Examples: > (rest (list 1 2 3 4 5 6)) - : (U Null-RaList (Root Positive-Fixnum)) # > (rest empty) tail: given list is empty

In the above example, (rest ral) returns the rest of the given list, (list 2 3 4 5 6).

 (list-ref ral index) → A ral : (List A) index : Integer
Function list-ref takes an integer(say n) and a list and gives the nth element of the given list. If the given n is larger than the size of the list, list-ref throws an error.

 Examples: > (list-ref (list 12 5 3 2 15 23) 4) - : Positive-Fixnum 15 > (list-ref (list 12 5 3 2 15 23) 10) list-ref: given index out of bound

 (list-set ral index newval) → (List A) ral : (List A) index : Integer newval : A
Function list-set takes an integer(say n), list and a new element. And updates the nth element of the list with the new element.

 Examples: > (list-set (list 1 2 3 4 5 6) 2 10) - : (U Null-RaList (Root Positive-Fixnum)) # > (list-set (list 1 2 3 4 5 6) 10 15) list-set: given index out of bound

In the above example, (list-set (list 1 2 3 4 5 6) 2 10) returns (list 1 2 10 4 5 6) and (list-set (list 1 2 3 4 5 6) 10 15) throws an error.

 (->list ral) → (Listof A) ral : (List A)
Function ->list takes a list and returns a list of elements which are in the same order as in the list.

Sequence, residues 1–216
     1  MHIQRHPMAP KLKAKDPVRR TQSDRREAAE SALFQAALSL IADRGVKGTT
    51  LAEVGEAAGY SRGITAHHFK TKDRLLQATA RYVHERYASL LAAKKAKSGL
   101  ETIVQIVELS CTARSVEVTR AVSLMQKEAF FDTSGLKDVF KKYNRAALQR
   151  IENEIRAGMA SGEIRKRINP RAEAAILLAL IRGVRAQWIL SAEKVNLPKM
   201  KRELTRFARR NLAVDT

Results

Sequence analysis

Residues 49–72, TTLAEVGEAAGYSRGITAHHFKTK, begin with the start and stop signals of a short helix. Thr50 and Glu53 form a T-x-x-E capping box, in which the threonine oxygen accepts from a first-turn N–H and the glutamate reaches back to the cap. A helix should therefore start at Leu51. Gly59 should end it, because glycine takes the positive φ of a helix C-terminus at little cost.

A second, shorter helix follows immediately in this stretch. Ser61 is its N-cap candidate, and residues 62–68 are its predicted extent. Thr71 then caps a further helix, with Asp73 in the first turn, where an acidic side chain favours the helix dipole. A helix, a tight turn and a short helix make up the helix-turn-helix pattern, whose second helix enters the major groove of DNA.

Examples: > (define ral (list 1 2 3 4 5 6)) > (->list ral) - : (Listof Positive-Fixnum) '(1 2 3 4 5 6)

In the above example, (->list ral) returns (list 1 2 3 4 5 6).

 (drop ral num) → (List A) ral : (List A) num : Integer
Function drop takes a list and an integer(say n) and drops the first n elements of the input list and returns the rest of the list.

 Examples: > (drop 3 (list 1 2 3 4 5 6)) - : (U Null-RaList (Root Positive-Fixnum)) # > (drop 10 (list 1 2 3 4 5 6)) drop: not enough elements to drop

In the above example, (drop 3 (list 1 2 3 4 5 6)) returns the list (list 4 5 6). (drop 10 (list 1 2 3 4 5 6)) throws an error since 10 is larger than the number of elements in the list.

 (list-length ral) → Integer ral : (List A)
Function list-length takes a list and gives the number of elements in in the given list.